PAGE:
Like any other production method investment casting has a few simple design rules which allow its advantages to be succesfully realised.Often the foundry can suggest slight modifications to conventional designs which will make the casting both easier and cheaper to produce, ensuring maximum soundness and in no way impairing its function.Keep the following points in mind :
Adjust your thinking. Flat surfaces and right angles are the natural results of the machining but they can be difficult to cast.So are they really necessary ?Curved and blended contours not only are prefer for casting, but they result in sound components.
Similarly, Don't ask for machine-Cut tolerances on dimensions which don't warrant them.Specifying over-close tolerances on non-functional surfaces is unnecessary and uneconomic.Point out the really critical dimensions and let the foundry concentrate upon achieving them.
It is our job to advice upon the best casting design but you can help by appreciating the importance of correct feeding of metal to the casting. During solidification, thin sections naturally tend to cool first and as they solidify the metal contracts.
At this stage the sections should be able to draw further liquid metal from areas which are still molten:but if none is available , shrinkage, porosity or cavities will result.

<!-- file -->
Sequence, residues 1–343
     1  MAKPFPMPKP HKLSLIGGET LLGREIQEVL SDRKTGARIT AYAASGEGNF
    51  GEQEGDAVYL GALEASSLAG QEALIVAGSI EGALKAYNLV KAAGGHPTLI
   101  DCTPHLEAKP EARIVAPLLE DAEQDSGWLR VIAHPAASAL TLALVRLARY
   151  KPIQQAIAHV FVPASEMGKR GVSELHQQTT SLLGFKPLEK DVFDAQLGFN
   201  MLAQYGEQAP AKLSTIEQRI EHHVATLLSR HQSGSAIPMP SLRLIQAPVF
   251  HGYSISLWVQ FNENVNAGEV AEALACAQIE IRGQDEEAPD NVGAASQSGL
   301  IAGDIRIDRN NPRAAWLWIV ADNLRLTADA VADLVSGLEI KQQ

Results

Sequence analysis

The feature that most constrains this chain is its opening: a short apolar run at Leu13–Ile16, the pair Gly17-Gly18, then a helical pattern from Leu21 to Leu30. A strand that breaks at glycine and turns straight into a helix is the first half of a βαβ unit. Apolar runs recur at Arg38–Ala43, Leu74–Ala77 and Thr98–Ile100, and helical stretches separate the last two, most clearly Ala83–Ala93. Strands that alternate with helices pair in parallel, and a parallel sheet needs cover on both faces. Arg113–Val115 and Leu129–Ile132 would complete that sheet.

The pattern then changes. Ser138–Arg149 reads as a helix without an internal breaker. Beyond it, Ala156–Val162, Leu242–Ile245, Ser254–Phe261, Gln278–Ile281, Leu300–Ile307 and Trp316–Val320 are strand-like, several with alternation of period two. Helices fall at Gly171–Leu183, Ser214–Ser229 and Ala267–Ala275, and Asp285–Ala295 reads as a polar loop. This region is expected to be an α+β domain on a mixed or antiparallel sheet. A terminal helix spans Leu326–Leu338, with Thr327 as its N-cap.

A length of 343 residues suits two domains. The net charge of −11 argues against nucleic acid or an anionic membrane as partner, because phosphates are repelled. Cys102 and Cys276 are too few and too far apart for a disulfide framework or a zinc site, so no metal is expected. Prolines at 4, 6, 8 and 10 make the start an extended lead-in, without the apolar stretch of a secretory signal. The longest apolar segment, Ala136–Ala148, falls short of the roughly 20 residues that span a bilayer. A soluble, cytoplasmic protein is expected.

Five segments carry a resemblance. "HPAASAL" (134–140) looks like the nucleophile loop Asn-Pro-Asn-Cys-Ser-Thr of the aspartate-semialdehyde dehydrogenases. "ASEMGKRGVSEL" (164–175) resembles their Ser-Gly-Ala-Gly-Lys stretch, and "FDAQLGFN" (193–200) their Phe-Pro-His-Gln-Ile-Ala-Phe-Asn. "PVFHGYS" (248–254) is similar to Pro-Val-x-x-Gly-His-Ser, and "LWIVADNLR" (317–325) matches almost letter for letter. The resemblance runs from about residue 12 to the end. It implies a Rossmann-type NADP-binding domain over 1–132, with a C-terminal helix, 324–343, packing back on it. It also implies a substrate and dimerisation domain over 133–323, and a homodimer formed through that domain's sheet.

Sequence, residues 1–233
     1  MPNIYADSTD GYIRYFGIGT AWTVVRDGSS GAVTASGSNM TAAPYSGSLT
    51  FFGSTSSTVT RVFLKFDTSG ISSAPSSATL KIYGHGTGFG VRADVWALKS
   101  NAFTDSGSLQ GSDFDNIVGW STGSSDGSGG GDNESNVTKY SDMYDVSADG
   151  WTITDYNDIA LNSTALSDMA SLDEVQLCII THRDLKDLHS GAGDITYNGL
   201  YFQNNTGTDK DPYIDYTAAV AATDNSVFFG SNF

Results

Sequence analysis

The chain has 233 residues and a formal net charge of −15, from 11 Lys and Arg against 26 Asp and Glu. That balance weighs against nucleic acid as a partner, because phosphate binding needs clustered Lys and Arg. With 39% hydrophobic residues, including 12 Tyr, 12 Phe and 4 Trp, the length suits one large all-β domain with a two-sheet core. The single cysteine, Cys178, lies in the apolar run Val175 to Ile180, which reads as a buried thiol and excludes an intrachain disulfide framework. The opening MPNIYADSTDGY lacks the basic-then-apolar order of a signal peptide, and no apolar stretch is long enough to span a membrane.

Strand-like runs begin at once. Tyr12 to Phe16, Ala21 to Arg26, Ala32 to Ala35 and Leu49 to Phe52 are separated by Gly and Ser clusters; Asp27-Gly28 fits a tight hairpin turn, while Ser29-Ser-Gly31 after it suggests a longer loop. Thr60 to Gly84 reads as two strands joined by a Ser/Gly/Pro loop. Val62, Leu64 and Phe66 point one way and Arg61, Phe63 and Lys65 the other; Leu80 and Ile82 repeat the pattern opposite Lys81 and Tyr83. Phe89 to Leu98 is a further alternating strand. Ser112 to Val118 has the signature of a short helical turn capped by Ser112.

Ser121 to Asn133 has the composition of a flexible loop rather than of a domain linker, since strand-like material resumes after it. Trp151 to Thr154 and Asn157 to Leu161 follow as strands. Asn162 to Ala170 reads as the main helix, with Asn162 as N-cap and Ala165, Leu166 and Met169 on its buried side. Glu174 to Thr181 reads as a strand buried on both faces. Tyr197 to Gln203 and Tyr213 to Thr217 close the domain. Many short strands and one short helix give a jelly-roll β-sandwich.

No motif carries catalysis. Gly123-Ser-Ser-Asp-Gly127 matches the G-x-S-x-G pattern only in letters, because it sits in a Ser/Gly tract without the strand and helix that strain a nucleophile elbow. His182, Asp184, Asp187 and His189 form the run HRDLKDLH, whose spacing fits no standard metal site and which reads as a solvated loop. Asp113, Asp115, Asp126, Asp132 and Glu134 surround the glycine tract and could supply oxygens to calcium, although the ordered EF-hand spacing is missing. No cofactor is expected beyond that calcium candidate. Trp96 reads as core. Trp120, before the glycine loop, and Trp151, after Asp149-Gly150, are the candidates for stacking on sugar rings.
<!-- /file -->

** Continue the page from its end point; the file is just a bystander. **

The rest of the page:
Ideally, when : Feeders, should be attached to the thickest sections, with thin sections furthest from point of entry of metal. Contours should be as smooth as possible , and abrupt changes in thickness of sections should be avoided to assist smooth flow of metal. Sharp internal corners must be avoided as they form points of stress concentration. Introduce a small radius.
The minimum number of sections should be brought together at one point to avoid 'hot spots' in the solidifying casting. Unsupported features will tend to distort owing to strains set up by differential rates of cooling.Tie-bars can be added to hold certain dimensions more rigid,and are removed during fettling.
Finally, place in-gates on surfaces which will subsequently be machined,if possible, rather than where a smooth as-cast finish is required. The time to decide upon casting design is while the component is still on the drawing-board.For better to design for costing rather than attempt to modify a part intended for production by other methods.
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